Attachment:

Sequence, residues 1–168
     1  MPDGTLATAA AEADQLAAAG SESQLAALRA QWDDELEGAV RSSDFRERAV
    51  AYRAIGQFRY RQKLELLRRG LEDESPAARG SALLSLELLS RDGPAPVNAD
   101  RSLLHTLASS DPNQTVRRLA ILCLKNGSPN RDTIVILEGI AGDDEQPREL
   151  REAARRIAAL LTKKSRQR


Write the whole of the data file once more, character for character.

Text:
Sequence, residues 1–168
     1  MPDGTLATAA AEADQLAAAG SESQLAALRA QWDDELEGAV RSSDFRERAV
    51  AYRAIGQFRY RQKLELLRRG LEDESPAARG SALLSLELLS RDGPAPVNAD
   101  RSLLHTLASS DPNQTVRRLA ILCLKNGSPN RDTIVILEGI AGDDEQPREL
   151  REAARRIAAL LTKKSRQR